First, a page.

This may make net curtains or Georgian Bars look grubby or discoloured in certain situations.
Unfortunately, there is no way of overcoming this characteristic, although it does confirm the presence of Pilkington K Glass™ in the windows.
4. My double glazing units have failed, who will repair them?
You need to refer in the first instance to your window supplier who will inspect the units and then take up the matter with the unit supplier if appropriate. This is not something that Pilkington is able to assist with directly since your contract is with you installer. If Pilkington units are installed and considered to be at fault your window installer will take up the matter with the supplying Pilkington company directly.
5. My window supplier says he has installed a Pilkington patterned glass but it doesn't look right, can you help?
6. The labels that were on my windows have left marks can you advise on cleaning them off?
Cleaning of Glass
Glass should normally be cleaned with a clean cloth and a clear non-abrasive cleaner, such as clean soapy water or a proprietary window cleaner. For glass with a patterned, etched or sandblasted surface, a stiff bristle or nylon brush can be used to remove dirt from the recesses in the surface.
If the glass does not become clean using the above methods the following can be tried:-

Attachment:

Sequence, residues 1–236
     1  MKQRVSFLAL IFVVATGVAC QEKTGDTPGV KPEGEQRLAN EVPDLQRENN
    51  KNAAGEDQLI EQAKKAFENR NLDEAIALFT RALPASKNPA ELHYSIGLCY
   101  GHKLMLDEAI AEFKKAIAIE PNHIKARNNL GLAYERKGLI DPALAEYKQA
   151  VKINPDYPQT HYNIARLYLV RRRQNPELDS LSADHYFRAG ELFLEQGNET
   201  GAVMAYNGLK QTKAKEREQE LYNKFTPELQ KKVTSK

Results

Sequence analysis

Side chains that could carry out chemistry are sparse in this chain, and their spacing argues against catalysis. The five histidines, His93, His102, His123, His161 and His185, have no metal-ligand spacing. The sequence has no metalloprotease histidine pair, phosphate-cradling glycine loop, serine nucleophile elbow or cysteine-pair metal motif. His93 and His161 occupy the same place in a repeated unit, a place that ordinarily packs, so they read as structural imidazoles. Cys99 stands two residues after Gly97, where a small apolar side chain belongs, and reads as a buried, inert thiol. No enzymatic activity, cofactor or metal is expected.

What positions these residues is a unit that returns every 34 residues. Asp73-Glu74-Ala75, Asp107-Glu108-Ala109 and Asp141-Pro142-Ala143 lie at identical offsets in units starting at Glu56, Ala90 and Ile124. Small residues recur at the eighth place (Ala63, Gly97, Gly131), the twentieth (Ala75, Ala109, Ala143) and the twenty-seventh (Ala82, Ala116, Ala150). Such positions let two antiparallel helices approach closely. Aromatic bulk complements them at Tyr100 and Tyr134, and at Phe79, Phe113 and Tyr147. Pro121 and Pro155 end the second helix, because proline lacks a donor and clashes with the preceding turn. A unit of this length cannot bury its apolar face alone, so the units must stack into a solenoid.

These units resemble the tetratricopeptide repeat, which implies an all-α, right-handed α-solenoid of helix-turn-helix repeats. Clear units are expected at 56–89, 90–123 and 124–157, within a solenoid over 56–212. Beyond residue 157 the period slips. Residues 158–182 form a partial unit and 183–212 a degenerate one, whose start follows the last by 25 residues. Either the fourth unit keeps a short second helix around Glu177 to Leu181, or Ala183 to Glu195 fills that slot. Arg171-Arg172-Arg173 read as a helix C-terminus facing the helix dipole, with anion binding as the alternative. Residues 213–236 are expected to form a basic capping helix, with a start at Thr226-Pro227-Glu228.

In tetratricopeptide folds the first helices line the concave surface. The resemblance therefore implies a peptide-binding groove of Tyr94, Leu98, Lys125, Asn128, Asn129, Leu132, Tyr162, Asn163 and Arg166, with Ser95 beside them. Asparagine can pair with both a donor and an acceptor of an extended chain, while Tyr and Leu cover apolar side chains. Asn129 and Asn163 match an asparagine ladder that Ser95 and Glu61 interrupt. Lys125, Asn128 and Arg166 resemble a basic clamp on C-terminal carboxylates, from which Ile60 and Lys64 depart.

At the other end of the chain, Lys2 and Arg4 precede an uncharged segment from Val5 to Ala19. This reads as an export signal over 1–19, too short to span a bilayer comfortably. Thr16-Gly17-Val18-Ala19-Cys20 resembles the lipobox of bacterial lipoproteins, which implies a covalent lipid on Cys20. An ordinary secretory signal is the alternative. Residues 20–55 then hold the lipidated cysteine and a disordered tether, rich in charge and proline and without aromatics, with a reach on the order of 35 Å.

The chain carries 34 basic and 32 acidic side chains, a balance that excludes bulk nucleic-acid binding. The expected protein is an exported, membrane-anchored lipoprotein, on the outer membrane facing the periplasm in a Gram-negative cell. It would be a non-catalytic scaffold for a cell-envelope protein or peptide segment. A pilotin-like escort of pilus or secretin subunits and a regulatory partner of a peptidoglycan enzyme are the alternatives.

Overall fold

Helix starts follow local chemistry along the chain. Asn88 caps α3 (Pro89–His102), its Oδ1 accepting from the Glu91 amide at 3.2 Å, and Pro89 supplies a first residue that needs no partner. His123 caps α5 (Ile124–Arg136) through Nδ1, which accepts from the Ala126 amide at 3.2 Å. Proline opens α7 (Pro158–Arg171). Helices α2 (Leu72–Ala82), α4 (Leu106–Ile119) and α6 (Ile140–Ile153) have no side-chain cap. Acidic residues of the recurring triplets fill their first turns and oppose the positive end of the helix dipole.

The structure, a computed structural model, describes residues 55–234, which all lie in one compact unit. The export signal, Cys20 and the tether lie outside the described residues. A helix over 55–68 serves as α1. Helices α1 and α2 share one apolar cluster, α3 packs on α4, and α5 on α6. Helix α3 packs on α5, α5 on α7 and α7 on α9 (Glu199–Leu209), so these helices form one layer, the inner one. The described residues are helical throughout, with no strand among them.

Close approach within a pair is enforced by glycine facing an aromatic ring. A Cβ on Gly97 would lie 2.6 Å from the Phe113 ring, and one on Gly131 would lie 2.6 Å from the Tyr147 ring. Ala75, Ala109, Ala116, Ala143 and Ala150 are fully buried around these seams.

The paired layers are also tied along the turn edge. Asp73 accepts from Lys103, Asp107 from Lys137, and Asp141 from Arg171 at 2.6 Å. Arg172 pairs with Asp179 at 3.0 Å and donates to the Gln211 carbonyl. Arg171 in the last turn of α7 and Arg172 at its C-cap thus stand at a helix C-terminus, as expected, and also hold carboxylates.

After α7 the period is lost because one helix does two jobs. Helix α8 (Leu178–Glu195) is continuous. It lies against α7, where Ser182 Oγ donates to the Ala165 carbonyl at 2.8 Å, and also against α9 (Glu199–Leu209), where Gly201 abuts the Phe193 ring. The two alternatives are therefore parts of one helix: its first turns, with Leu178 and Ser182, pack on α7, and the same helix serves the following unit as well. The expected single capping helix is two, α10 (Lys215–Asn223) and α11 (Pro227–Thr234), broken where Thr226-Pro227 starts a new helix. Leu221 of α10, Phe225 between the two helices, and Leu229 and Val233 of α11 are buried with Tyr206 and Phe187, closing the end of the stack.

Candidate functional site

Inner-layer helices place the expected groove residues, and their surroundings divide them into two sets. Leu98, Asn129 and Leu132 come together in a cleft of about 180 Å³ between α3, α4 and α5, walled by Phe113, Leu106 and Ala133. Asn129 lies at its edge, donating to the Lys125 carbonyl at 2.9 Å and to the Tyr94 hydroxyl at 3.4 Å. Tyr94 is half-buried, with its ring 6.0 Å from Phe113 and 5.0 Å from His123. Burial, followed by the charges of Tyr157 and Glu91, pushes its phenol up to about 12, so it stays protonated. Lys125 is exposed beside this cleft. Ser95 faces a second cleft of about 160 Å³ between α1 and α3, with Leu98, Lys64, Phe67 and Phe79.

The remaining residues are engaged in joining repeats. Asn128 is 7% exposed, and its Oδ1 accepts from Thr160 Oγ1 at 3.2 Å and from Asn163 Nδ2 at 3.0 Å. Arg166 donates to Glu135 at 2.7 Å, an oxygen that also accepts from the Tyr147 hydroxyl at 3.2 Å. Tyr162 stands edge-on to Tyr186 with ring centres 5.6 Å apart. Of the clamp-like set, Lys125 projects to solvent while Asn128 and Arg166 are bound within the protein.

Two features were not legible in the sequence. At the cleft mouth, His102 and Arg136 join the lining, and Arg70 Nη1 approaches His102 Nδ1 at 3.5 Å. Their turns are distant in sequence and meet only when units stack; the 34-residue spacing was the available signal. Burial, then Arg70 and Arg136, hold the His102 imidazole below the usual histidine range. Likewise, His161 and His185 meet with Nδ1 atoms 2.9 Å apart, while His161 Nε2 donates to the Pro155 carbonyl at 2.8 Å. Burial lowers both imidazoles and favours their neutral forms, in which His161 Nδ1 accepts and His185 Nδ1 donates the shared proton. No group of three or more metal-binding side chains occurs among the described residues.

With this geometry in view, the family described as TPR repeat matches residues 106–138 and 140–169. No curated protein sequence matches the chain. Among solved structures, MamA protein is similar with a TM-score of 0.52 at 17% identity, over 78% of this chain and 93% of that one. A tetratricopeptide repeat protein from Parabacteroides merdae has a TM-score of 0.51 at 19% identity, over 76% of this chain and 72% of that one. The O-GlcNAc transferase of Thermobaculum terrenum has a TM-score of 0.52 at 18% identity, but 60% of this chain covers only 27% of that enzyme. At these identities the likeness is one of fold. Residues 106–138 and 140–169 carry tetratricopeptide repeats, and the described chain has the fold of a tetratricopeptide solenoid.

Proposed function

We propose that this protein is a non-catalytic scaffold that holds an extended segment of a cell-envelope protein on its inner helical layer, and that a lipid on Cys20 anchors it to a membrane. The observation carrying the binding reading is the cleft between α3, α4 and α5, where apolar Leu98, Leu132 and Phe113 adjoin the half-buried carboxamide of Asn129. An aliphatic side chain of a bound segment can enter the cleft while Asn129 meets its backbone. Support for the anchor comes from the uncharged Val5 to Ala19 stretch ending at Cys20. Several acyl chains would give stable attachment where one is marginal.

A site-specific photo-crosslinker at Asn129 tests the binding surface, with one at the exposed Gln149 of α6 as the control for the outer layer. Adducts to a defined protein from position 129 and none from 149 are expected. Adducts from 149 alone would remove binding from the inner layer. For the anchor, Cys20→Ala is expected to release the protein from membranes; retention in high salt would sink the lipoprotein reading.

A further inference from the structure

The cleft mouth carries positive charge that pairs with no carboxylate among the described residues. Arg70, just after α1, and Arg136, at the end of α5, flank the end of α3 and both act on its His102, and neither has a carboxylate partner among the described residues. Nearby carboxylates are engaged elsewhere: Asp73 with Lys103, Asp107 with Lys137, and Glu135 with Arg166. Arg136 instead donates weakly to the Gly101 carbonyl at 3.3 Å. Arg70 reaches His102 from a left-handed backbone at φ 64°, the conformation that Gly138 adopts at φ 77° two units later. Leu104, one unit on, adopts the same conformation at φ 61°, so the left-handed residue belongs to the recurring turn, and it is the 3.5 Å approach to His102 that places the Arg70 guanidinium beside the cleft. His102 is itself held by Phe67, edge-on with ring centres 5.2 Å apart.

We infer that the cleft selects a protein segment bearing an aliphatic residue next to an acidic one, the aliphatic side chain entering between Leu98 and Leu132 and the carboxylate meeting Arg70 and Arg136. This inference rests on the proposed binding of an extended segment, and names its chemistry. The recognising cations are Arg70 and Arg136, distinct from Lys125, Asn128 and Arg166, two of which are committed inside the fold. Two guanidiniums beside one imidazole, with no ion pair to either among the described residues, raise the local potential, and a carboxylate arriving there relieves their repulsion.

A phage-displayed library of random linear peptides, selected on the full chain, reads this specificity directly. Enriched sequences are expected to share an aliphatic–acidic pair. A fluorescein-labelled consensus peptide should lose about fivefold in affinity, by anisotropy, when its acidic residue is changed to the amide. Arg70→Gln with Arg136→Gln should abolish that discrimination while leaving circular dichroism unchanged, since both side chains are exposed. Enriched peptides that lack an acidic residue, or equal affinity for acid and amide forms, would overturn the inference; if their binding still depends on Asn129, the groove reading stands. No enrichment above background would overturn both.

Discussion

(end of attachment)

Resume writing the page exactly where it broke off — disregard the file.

Use a mild acid (e.g. vinegar) or a mild solvent (e.g. methylated spirit), taking care not to spill any of these on other surfaces or materials.
If neither treatment works then the glass will need to be abraded and re-polished. this is likely to be expensive and should be left to experts. The process may result in some optical distortion where the glass surface has been removed.
Special Notes on Cleaning
Organic solvent cleaners should be avoided on mirrors since they may attack the backing paint.
Leaded Glass should only be cleaned with a clear non-abrasive cleaner. The cleaner should be of a type that does not remove the patina (aged surface finish) of the lead.
Patterned glass, acid etched glass and sandblasted glass should only be cleaned with a clear non-abrasive cleaner. Any insoluble material in the cleaner may deposit in the recesses of the etching or sandblasting and may be very difficult to remove.